Every city in China has a little something different to offer travels. Beijing is home to the country's more significant historical buildings. Shanghai has its technological wonders and luxurious restaurants. Kunming, the capital of Yunnan Province (which borders Vietnam and Burma), is home to natural beauty and a laid-back, relaxed vibe, as Lonely Planet tells it. The city has a few highlights that are must-sees for tourists.
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Dianchi Lake Area
Kunming borders the northern shore of Dianchi Lake, the sixth-largest lake in China. Dianchi Lake Scenic Area is comprised of Daguan Park, Yunnan ethnic villages, Baiyukou Park and the Haigeng Bank, each a tourist destination in its own right. Daguan Park is populated with rock gardens and a pavilion with views of the lake. About two dozen ethnic villages ring the lake, offering guests some insight into traditional ways of life in Yunnan province.
The Stone Forest
Yunnan Province and Northern Vietnam are famous for limestone formations called karst. Although the most spectacular examples of karst formations are found further south of Kunming, the city is still close to the breathtaking Stone Forest. The Stone Forest is 75 miles from Kunming, and you can book day trips from most hotels in the city. It's exactly what it sounds like: stones shaped like trees in such numbers as to be called a forest. The forest covers 96,000 acres, which includes a huge 720-acre cave complex.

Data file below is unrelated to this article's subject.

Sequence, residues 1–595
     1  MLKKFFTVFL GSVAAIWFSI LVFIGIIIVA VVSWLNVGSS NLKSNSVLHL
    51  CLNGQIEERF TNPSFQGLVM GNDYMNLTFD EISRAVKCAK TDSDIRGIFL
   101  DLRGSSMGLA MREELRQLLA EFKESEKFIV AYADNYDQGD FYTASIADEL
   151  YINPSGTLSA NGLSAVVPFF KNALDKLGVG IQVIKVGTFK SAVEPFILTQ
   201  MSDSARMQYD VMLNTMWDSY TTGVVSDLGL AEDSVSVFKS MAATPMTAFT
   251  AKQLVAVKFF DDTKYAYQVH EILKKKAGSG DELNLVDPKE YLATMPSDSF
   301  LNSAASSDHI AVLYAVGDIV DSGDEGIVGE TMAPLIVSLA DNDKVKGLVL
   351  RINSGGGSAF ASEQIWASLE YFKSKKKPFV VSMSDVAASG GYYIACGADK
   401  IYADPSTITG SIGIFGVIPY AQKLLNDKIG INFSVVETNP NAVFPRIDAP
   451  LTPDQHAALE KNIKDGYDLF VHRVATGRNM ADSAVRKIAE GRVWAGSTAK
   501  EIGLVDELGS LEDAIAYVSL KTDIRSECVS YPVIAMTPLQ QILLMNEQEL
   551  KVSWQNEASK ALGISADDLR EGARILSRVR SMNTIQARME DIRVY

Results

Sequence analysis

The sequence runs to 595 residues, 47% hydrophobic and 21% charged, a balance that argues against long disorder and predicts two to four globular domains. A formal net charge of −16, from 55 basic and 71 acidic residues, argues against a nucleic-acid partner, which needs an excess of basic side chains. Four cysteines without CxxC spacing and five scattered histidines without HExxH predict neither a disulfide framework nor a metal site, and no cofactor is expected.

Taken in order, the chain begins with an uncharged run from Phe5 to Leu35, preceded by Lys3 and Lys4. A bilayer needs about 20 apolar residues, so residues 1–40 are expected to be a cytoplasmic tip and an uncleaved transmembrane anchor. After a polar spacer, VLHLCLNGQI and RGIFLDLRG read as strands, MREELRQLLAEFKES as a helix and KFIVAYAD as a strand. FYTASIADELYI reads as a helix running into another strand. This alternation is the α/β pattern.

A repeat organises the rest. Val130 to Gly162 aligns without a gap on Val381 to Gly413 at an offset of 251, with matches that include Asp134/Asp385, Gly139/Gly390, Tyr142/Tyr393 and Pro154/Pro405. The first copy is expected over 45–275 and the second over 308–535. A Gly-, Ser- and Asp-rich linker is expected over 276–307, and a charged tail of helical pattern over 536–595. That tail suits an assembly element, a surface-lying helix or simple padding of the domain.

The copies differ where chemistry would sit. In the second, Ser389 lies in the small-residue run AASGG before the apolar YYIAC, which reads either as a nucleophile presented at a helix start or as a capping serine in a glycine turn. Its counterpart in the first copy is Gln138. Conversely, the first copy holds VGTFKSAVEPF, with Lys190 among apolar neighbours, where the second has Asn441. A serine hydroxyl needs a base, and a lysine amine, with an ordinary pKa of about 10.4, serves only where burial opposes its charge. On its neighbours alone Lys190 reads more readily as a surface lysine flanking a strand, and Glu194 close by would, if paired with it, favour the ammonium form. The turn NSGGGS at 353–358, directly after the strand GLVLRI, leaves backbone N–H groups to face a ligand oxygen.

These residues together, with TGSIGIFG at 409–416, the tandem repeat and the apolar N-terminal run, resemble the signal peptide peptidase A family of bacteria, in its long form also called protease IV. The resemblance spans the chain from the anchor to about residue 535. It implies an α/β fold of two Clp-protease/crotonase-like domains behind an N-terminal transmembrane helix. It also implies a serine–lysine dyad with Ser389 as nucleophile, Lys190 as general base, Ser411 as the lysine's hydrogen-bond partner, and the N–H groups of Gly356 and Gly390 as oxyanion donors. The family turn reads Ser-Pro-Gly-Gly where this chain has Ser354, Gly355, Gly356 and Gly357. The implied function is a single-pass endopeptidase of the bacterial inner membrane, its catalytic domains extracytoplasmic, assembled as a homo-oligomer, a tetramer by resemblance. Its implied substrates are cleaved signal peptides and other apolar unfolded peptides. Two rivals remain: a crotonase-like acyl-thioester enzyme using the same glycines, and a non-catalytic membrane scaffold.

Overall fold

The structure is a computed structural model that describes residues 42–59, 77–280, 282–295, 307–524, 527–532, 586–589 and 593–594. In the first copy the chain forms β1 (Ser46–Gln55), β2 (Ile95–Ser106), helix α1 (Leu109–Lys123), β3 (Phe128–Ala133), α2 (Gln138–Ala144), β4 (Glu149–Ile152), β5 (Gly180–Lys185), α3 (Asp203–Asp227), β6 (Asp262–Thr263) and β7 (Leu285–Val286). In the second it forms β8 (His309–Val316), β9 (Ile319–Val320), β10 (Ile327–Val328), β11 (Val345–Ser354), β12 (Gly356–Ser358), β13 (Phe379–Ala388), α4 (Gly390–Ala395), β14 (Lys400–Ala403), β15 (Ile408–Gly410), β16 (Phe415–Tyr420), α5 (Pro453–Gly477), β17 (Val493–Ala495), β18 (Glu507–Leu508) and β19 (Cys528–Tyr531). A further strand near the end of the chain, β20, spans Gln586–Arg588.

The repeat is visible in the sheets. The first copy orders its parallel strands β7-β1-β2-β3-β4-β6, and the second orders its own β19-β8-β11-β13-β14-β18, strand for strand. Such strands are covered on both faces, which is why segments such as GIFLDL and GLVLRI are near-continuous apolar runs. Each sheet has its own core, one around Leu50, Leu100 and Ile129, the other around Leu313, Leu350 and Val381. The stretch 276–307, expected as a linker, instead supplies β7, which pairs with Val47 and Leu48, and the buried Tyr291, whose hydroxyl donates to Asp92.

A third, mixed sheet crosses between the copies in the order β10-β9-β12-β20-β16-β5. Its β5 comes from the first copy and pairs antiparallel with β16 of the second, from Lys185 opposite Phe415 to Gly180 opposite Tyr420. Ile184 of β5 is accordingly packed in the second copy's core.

The Golden Temple isn't really made of gold like Kyoto's Golden Pavilion, but it has the distinction of being the largest copper temple in China. The temple dates from the early 17th century and is built atop a small mountain in the center of Kunming. It houses the legendary double-edged Sword of Zhen Wu, a Taoist deity. It's best to visit in spring, when the cherry blossoms are in full force.
Flowers and Birds Market
The Lonely Planet notes that most of Kunming's outdoor markets have been replaced by modern shopping centers and skyscrapers, but the city's Flowers and Birds Market lives on. Established in 1983, the market is a confluence of products and tastes and offers a lot more than the two products that give it its name. In addition to the collection of exotic flowers and birds, shoppers can find antiques including jade and stone carvings, pottery, vases and porcelain. There are traditional clothing shops, tea shops and live animals including fish and turtles. But birds and flowers are the real draw of the market, and you can bring home an orchid and a parrot, if that's your taste.
Getting Around in Kunming
With the exception of the Stone Forest, these attractions are easily accessible on Kunming's public transit system. Use the Kunming Bus Finder service on the Travel China Guide to find schedules and information in English. Cab drivers don't usually speak English anywhere in China, so have someone write your destination down before embarking in a taxi, and be sure to carry a hotel card with you to get home
Lonely Planet: Introducing Kunming